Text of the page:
Midterm Primaries: Clean Energy Advocates Secure Nominations
Democratic National Committee‘s sudden reversal on fossil fuel contributions last week, environmental advocates were relieved to see a number of climate champions emerge from Tuesday’s midterm primaries.
A number of high-profile winners even signed the
No Fossil Fuel Money pledge—an initiative of the young climate activist group Sunrise Movement—which demands politicians and their campaigns to not accept contributions over $200 from the PACs, executives or front groups of oil, gas or coal companies.
Here are some of the signatories who won last night:
- Ilhan Omar, who is poised to be one of the first Muslim women elected to Congress after winning the Democratic primary in Minnesota’s Fifth Congressional District;
- Randy “IronStache” Bryce, who is seeking to fill House Speaker Paul Ryan’s Wisconsin district seat;
- Vermont Democrat Christine Hallquist, a former energy company executive, became the first transgender candidate to be nominated for a governorship;
- U.S. Rep. Keith Ellison, the deputy chairman of the Democratic National Committee, who won the Democratic nomination for Minnesota attorney general;
- Independent U.S. Sen. Bernie Sanders, who won Vermont’s Democratic Senate primary.
Minnesota state Rep. Omar, who was also
endorsed by the Sierra Club North Star Chapter, promises “bold action, and a transformation of our political and economic systems to combat climate change” and opposes projects such as the controversial Line 3 Replacement Pipeline.
The Sunrise Movement celebrated her groundbreaking victory.
“She’s pledged to protect our land & water from
pipelines like Line 3 and support a just transition to a clean energy economy, creating good-paying jobs in the process,” the group tweeted about Omar’s nomination. “Our country will only change for the better because of candidates like you.”
The Sunrise Movement also
commended Bryce’s “tremendous victory” and noted that he “pledged early in his campaign to refuse contributions from fossil fuel CEOs.”
The populist union ironworker touts
A Green New Deal that supports policies such as a massive investment in green infrastructure, a path to 100 percent renewable energy by 2035 and ending fossil fuel subsidies.
There is no such thing as a safe pipeline. We need renewable energy alternatives now. #NoDAPLhttps://t.co/ZeVKa3pNwN
— Randy Bryce (@IronStache) November 16, 2017
Hallquist, as the former CEO of Vermont Electric Cooperative for 13 years, helped transform the company into a leader in
using renewable sources of electricity production to combat climate change.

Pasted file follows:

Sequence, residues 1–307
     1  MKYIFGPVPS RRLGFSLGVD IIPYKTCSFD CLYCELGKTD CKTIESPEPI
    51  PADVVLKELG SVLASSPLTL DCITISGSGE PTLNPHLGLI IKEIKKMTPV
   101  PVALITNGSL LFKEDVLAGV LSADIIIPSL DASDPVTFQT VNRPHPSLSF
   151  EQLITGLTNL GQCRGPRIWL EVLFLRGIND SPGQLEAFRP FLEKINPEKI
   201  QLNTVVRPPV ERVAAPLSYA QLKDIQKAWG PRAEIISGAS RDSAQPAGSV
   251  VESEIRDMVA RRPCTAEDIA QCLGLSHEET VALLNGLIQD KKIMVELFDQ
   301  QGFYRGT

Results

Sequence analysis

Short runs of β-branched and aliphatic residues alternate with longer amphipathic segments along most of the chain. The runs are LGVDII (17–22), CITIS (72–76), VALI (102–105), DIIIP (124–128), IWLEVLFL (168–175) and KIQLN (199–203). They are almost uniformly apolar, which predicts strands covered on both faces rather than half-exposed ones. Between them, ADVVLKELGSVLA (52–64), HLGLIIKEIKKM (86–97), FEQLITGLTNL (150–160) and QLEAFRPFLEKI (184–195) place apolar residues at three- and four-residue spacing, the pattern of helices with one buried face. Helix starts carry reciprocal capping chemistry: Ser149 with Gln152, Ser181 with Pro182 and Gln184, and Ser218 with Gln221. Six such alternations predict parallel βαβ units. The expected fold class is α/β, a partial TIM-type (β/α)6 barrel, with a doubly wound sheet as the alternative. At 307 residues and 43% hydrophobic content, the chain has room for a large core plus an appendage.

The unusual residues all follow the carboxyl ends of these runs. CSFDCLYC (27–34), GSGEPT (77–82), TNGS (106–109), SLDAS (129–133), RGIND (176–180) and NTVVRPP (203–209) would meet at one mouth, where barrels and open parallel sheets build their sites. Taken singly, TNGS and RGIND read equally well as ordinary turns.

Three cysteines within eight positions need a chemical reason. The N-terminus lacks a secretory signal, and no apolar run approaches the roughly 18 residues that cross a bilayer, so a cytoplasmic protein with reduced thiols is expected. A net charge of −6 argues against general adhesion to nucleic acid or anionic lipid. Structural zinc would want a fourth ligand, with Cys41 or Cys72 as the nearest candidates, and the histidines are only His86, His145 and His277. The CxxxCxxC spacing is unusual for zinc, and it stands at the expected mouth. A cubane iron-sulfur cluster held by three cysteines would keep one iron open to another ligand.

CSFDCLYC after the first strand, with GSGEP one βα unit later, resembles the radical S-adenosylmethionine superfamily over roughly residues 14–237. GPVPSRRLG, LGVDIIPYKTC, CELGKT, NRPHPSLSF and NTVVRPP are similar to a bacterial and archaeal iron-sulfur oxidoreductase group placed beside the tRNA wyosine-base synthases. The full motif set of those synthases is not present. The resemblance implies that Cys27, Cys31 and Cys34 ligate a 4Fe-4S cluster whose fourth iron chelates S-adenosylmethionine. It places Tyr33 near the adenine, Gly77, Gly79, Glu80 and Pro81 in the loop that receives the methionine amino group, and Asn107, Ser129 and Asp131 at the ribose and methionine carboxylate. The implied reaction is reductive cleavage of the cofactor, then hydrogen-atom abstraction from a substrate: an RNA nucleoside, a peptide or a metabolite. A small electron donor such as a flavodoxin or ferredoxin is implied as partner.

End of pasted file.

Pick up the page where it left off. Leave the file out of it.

supports a plan for the state to reach a 90 percent renewable energy supply by 2050, protecting its natural environment and waterways and encourages more environmentally friendly mass transportation options.
Congrats to @christineforvt on a resounding victory – she's a climate champ, signed the #NoFossilFuelMoney pledge, and is on track to be the nation's first trans governor! #vtpoli pic.twitter.com/nU6heHjKlz
— Oil Change U.S. (@OilChangeUS) August 15, 2018
Last night’s winners are among the some
200 candidates in the November general election who have signed the No Fossil Fuel Money pledge. The Sunrise Movement is petitioning other lawmakers to join their campaign.
Climate policy has emerged as a divisive issue between the Democratic Party’s progressive wing, which is urging a speedy transition to 100 percent renewable energy, versus those in the party who are sympathetic to labor groups.
Two months after the Democratic National Committee
unanimously prohibited donations from fossil fuel companies, the committee voted 30-2 on Friday on a resolution that critics say effectively reverses the ban.
resolution, introduced by DNC Chair Tom Perez, allows the committee to accept donations from “workers, including those in energy and related industries, who organize and donate to Democratic candidates individually or through their unions’ or employers’ political action committees” or PACs.
After the vote, Perez said that members of the labor community considered the original resolution passed in June “an attack on the working people in these industries,” per The Hill.
He insisted that the DNC is still committed to the Democratic Party platform, “which states unequivocally our support for combating climate change.”
#DNC Will Take #FossilFuel Money After All https://t.co/tohxmJ36fQ @DeSmogBlog @350 @billmckibben
— EcoWatch (@EcoWatch) August 13, 2018